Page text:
Screen Voltage Regulator and Clamp
Schematic Diagram and Circuit Description
Click On A Section of the Schematic
Below for Information on That Part of the Circuit:
|Grid Bias Input From Final Amplifier|
|Clamp Tube Grid Capacitor|
|Output Control Dropping Resistor|
|Cathode Bias Resistor/Load Resistor|
|Output To Final Amplifier Screen Grid|
Grid Bias Input From Final Amplifier:
The clamp tube protects the 2E26 final amplifier in the event that bias is lost. This could occur several ways:
1. Loss of drive while the key is down. This could occur due to a problem in any of the earlier circuits on the signal chain.
2. Loss of cutoff bias while the key is up due to a failure in the bias power supply.
The bias on the final amplifier tube is fed via this connection to the grid of the clamper tube. As long as bias is present, the clamper tube is cutoff and has no effect. But if bias is lost, the clamper tube turns on, essentially shorting the voltage at the top of the output control to ground. This increases the bias on the screen voltage regulator and drops the screen voltage to a low value, protecting the final amplifier tube.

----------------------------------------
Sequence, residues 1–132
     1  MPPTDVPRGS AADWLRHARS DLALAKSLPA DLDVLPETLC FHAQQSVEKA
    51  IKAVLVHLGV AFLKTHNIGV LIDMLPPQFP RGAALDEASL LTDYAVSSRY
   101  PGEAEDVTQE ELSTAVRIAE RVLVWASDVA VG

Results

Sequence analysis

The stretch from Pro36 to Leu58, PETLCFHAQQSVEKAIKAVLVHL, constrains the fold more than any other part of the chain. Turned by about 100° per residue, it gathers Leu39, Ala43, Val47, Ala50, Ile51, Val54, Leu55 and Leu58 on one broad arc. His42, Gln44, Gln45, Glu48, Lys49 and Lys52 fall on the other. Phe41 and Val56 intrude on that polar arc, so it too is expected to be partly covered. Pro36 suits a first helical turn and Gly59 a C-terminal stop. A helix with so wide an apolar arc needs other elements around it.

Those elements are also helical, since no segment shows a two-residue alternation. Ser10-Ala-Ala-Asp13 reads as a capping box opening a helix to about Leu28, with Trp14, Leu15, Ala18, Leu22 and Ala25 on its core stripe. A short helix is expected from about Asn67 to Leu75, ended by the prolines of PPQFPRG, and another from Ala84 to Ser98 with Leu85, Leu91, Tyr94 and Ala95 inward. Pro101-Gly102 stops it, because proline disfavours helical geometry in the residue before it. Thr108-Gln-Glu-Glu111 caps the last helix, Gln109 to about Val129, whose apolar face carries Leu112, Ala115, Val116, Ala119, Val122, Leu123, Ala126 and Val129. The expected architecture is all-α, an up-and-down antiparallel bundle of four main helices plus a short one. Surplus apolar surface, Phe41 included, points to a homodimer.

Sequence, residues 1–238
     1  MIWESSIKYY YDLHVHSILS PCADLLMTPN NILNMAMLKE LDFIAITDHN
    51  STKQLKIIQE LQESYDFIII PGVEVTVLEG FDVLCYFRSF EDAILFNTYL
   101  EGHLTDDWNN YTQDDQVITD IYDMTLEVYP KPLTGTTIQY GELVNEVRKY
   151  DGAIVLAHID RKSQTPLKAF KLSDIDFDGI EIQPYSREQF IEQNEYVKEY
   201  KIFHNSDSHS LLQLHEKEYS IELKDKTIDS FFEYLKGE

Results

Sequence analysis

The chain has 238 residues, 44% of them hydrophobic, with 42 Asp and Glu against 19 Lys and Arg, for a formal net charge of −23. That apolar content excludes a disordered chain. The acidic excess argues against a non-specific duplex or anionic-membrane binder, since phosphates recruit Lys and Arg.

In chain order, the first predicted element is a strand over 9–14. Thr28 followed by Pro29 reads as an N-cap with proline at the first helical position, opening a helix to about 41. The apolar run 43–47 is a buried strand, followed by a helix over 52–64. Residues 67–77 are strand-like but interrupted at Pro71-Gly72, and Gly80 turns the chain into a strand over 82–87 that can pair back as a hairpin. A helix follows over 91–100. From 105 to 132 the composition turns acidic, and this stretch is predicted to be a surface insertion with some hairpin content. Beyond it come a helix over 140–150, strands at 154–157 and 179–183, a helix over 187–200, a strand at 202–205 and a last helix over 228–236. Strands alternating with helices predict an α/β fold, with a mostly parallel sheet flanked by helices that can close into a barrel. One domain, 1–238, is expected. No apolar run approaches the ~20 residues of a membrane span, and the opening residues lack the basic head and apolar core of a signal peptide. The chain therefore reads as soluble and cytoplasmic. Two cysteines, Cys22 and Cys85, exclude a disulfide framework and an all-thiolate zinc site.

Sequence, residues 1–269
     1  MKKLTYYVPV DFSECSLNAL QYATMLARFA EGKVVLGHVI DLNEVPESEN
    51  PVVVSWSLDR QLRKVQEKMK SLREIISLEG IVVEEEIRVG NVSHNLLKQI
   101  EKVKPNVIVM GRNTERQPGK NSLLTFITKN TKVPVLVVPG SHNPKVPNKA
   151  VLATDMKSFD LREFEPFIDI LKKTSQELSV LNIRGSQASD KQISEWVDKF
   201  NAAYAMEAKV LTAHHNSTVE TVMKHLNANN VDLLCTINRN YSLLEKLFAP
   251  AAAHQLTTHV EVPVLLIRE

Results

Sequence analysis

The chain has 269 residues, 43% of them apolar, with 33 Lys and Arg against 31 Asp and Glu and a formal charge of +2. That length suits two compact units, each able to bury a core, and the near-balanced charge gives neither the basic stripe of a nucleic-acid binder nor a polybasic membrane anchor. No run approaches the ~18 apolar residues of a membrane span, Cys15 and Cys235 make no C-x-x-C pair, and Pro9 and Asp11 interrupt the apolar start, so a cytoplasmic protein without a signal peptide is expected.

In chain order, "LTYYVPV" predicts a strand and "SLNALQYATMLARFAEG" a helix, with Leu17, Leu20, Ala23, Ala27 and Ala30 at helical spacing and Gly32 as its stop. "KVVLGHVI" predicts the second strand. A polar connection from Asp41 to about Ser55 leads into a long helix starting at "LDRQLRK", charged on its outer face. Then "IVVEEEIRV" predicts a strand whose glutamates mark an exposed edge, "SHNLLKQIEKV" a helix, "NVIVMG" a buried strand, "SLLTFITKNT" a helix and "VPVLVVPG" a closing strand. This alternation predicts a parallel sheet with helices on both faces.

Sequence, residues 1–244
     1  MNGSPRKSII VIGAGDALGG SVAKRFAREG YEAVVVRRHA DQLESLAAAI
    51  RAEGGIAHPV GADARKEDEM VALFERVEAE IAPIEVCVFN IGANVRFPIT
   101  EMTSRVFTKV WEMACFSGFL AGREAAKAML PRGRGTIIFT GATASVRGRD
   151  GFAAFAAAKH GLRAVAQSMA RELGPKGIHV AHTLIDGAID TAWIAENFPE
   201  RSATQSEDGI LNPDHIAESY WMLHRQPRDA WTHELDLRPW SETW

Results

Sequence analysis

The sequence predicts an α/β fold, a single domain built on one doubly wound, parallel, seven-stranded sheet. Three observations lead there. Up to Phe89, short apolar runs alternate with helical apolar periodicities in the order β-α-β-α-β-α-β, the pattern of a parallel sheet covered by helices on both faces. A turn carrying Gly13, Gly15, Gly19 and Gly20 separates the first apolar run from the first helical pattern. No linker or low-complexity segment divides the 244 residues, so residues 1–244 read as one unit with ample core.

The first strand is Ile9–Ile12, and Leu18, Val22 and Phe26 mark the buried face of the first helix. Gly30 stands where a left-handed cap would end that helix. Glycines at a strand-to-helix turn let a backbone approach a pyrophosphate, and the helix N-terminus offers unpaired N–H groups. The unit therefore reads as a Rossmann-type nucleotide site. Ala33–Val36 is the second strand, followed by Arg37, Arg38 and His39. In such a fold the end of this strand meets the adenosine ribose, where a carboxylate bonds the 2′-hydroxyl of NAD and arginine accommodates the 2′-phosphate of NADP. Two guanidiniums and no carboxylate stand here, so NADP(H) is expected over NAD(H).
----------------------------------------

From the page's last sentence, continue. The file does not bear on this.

Clamp Tube Grid Capacitor:
The clamp tube grid capacitor shorts to ground any residual RF that may be present at the grid of the tube. The value of this capacitor is not critical.
The 12AU7 is a rugged, low gain (u), dual triode. The plate dissipation for each section is 2.75 watts, which is very good given the small size of the 12AU7. The 12AU7 has an amplification factor (u) of about 17 and a transconductance of about 2200 umhos. The 12AU7A and 5814A are electrically equivalent to the 12AU7 and can be used instead of the 12AU7.
High gain is undesirable in this circuit, since the tube is being used only as a voltage regulator and switch. Excessive gain could lead to undesirable self oscillation.
You can click here for a 12AU7A data sheet.
The output control dropping resistor and the output control form a voltage divider connected across the low B+ power supply. By turning the output control, a voltage from zero up to one half of the low B+ supply voltage can be selected.
The bias on the grid of the screen regulator tube is a combination of the positive voltage from the output control and the negative voltage from the cathode bias/load resistor. By turning this control, the bias and current through the screen regulator tube can be varied. This changes the voltage across the cathode bias/load resistor and the final amplifier screen grid, which is connected across the cathode bias/load resistor.